Short Week Allows Buffalo Bills To Get Back In The Saddle

There’s not much time for the Buffalo Bills to feel haunted.  The best way to clear the mind after somehow blowing an entirely winnable game against a comparable foe is getting right back to action.  The NFL’s decision to hold games before the weekend is particularly welcome right now even if it hasn’t always led to better football.  Players should still change into street clothes, as it’d be challenging to go to the bank or eat a bowl of soup without removing helmets.  But they shouldn’t get too used to not wearing them.

Except for a few scarring moments, the Bills looked fine.  I’m sure the playoff committee will take their mostly good performance into consideration.  For one, an exciting adversary was rendered boring until it really counted.  Jamaal Charles came in gaining 4.4 yards per handoff this season, which is only low compared to the remarkable 5.5 yards average over his career.  There aren’t many rushers where, if one asks if he’s powerful or speedy, the answer is “Yes.”  They were so close to containing him.  But he got to 6.5 yards per carry against the Bills, as nothing spikes an average like a few gashes.  Thanks to a few successful efforts against the Bills, he left Orchard Park with three-tenths of a yard improvement per carry.

While facing formidable competitors like Charles, the Bills can’t afford to beat themselves.  Our favorite immolating franchise went beyond basic mistakes. This was another week where they felt compelled to initiate the self-destruct sequence despite no outward signs of distress.  The offense’s fourth down capers were almost as irksome as four shaky throws 15 yards from the end zone.

Meanwhile, Bryce Brown’s fumble on the end zone’s border might define this century’s team.  A moment where you think you’ll be elated instantly decays into the maddening reality of a crushing error: welcome to life as a Bills fan.  And Leodis McKelvin is still making errors that at this point are a reflection of coaches who keep playing him.

Reality again ignores the script.  Buffalo ruined Fred Jackson’s Willis Reed moment. Superman wonders how he does it.  The eternally youthful stalwart serves as an inspiration to 33-year-olds everywhere who feel washed up.  Gaining 49 yards on seven touches was fairly remarkable considering he should have been watching from his couch.  But his groin heals when he tells it to do so.  As with the defense hitting Alex Smith like he owed them money, a good effort by some was squandered overall.

A relatively short interval before a chance to reset should be more exciting.  The league somehow made an extra game day less enjoyable.  Treating every Thursday like Thanksgiving hasn’t been as fun as anticipated, as the NFL stuffed the schedule beyond capacity.  There have been many poor-quality contests, as if not having much time to prepare while recuperating affects the sport’s quality.  I wonder if there’s a connection.  Every baffling course chosen on Park Avenue is a reminder that fans watch football despite the way it’s run, not because of it.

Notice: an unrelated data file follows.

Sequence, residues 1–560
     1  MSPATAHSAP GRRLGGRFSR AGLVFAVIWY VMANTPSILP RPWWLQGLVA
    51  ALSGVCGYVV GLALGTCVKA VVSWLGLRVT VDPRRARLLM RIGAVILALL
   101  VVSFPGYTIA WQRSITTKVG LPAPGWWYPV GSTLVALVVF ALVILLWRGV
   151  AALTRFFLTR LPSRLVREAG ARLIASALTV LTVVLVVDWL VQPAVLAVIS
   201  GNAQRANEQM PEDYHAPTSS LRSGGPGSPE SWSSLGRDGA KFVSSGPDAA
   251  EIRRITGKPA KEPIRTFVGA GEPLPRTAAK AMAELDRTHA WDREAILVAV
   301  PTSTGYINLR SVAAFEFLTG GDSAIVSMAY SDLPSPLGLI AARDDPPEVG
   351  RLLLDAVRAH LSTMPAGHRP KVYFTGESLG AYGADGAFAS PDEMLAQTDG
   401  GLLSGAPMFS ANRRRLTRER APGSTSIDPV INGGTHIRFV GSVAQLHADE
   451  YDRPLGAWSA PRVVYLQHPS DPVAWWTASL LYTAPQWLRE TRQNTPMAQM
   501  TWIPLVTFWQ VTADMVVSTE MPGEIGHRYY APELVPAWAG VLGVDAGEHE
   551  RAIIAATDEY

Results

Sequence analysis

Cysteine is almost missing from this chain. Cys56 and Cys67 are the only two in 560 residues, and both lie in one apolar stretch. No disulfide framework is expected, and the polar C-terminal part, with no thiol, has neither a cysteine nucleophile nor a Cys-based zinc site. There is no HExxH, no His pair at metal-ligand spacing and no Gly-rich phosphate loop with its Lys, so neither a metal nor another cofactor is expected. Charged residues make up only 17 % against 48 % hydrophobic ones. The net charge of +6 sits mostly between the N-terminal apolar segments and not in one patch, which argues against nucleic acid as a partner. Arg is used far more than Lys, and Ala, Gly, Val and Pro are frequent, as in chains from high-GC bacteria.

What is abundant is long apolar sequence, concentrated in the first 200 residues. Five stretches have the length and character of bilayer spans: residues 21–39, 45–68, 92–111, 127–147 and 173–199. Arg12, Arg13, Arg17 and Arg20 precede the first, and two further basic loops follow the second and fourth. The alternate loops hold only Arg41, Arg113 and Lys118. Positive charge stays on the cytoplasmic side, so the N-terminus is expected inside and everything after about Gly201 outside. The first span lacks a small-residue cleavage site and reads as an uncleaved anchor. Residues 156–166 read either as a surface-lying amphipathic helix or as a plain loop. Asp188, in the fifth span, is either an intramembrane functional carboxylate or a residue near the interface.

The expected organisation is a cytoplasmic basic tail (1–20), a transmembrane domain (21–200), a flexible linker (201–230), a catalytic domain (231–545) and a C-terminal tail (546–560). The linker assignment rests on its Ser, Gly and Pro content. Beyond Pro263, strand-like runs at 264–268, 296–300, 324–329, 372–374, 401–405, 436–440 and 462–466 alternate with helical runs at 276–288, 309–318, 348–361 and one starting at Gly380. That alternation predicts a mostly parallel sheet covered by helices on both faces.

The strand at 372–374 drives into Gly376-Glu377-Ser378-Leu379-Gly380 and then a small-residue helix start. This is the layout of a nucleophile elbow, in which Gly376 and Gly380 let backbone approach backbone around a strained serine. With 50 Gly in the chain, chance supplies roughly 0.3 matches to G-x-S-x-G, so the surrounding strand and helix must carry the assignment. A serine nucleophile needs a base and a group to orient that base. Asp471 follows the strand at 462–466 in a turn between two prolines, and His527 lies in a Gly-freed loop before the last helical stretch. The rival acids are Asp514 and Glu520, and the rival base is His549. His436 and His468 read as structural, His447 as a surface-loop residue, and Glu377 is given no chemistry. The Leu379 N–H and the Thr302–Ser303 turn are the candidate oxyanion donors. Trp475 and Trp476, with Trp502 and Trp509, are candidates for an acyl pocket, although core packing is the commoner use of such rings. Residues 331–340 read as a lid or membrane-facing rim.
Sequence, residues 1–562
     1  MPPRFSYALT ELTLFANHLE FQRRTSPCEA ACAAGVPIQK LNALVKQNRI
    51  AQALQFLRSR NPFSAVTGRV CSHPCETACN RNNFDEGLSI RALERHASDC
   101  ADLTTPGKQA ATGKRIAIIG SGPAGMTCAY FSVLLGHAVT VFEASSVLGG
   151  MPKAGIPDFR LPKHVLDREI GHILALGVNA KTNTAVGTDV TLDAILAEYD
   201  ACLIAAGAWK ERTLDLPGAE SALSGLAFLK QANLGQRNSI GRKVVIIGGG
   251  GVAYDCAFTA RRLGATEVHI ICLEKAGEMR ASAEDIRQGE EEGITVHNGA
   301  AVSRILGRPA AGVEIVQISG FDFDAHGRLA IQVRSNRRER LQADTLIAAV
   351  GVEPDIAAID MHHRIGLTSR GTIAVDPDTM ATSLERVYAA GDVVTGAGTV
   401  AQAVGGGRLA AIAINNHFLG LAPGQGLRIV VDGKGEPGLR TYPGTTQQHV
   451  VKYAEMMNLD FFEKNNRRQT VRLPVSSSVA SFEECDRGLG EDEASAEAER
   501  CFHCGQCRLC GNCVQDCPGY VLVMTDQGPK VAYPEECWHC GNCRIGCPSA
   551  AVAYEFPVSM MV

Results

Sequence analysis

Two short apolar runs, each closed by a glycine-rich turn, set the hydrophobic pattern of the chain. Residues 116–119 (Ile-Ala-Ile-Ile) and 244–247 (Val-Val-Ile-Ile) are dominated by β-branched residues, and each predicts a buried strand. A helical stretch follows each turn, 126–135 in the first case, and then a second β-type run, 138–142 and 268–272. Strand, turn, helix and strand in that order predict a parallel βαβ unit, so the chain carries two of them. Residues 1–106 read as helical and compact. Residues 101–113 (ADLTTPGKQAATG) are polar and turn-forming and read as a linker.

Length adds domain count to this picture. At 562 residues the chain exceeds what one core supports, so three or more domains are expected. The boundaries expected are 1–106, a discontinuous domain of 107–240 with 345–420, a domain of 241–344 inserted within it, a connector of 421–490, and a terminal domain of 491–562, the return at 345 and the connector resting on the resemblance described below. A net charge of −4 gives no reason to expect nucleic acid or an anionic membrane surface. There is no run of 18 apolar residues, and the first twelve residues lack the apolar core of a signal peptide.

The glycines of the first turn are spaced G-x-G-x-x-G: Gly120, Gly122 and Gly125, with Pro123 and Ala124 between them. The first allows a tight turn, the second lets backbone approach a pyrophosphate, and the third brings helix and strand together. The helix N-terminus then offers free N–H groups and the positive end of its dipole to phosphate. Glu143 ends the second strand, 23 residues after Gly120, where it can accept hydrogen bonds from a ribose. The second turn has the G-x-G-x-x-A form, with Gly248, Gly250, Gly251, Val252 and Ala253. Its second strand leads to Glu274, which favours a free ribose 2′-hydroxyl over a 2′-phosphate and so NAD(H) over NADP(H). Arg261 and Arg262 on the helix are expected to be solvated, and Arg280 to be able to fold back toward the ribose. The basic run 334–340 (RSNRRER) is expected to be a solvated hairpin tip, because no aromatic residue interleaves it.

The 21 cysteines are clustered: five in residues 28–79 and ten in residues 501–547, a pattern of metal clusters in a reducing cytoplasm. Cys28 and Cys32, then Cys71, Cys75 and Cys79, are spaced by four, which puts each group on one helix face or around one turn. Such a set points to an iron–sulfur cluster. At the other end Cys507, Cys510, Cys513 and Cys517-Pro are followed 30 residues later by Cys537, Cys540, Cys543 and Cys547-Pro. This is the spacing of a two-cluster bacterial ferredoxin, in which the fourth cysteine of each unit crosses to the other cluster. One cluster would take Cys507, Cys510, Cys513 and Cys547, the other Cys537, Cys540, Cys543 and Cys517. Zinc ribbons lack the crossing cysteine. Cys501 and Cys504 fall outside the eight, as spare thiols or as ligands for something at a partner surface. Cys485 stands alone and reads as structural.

Without Friends, Seinfeld and whatever show was on in between to pass our Thursdays this decade, viewers settle for NFL games with a tendency to get out of hand. Occasionally, we’ll get to see the Jets somehow almost keep up with the Patriots.  But it’s more likely that the superior team controls momentum.  Buffalo won’t be perceived as the bully to beat until they prove they can consistently deliver wedgies.

The Bills get the perfect opportunity to demonstrate they have a killer instinct that wasn’t there a little over 100 hours ago.  Specifically, the defense should be looking to meet or exceed their four-sack Week Two outing against Ryan Tannehill.  Until other parts of the roster clean up their games, the quarterback attackers may have to win games singlehandedly.

A short week could play to the advantages of an instinctual team.  Doug Marrone has gotten in trouble when he’s tried to overthink circumstances.  But his lieutenant has shown a knack for getting down to business.  Jim Schwartz’s straightforward approach should serve the defense well without the time available to anticipate countless permutations by foes.

We wait so long to find out so quickly where this team stands.  Months of planning and waiting leads to a moment which passes in a blink.  The season could come down to two games held in less than a week, specifically in what their record is relative to .500 by midnight Friday.

This is the odd schedule portion where a review and a preview occur simultaneously.  It’s not much time in football terms: by comparison, Terry Pegula’s hockey franchise gets 10 breaks of three or more days between games this season, which they can only hope to use to lower the Corsi gap.  Similarly, the Bills need to pour on shots.

Buffalo can dispense with contemplation and just line up for snaps.  Two weeks to prepare for the Chiefs ultimately didn’t help.  They can get back in the cockpit like Maverick to forget about the last accident.  Making Miami the victim of a lousy Thursday outing for neutral viewers is the best way to pretend we can move past a Sunday that will sting indefinitely.

About Anthony Bialy

Anthony Bialy recently moved back to Buffalo from New York City and acts like he never left. He thinks "Buffalo 66" is biographical and considers it a crime against mankind that Steve Tasker is not in the Hall of Fame. He likes getting Tim Hortons on the way to get Labatt Blue. Follow him on Twitter at @AnthonyBialy.